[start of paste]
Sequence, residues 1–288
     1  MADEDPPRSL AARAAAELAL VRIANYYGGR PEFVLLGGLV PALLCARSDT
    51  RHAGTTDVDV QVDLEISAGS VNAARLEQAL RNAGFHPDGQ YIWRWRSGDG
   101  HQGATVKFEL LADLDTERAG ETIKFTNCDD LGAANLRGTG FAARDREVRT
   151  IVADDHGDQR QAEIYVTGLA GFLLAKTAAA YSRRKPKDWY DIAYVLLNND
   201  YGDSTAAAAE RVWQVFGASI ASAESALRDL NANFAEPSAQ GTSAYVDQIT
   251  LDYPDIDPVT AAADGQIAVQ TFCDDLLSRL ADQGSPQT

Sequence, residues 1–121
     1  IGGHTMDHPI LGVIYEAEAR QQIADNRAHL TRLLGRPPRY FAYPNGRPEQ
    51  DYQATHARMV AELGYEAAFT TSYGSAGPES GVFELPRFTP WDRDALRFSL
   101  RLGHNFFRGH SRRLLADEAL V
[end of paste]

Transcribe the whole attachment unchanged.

Sequence, residues 1–288
     1  MADEDPPRSL AARAAAELAL VRIANYYGGR PEFVLLGGLV PALLCARSDT
    51  RHAGTTDVDV QVDLEISAGS VNAARLEQAL RNAGFHPDGQ YIWRWRSGDG
   101  HQGATVKFEL LADLDTERAG ETIKFTNCDD LGAANLRGTG FAARDREVRT
   151  IVADDHGDQR QAEIYVTGLA GFLLAKTAAA YSRRKPKDWY DIAYVLLNND
   201  YGDSTAAAAE RVWQVFGASI ASAESALRDL NANFAEPSAQ GTSAYVDQIT
   251  LDYPDIDPVT AAADGQIAVQ TFCDDLLSRL ADQGSPQT

Sequence, residues 1–121
     1  IGGHTMDHPI LGVIYEAEAR QQIADNRAHL TRLLGRPPRY FAYPNGRPEQ
    51  DYQATHARMV AELGYEAAFT TSYGSAGPES GVFELPRFTP WDRDALRFSL
   101  RLGHNFFRGH SRRLLADEAL V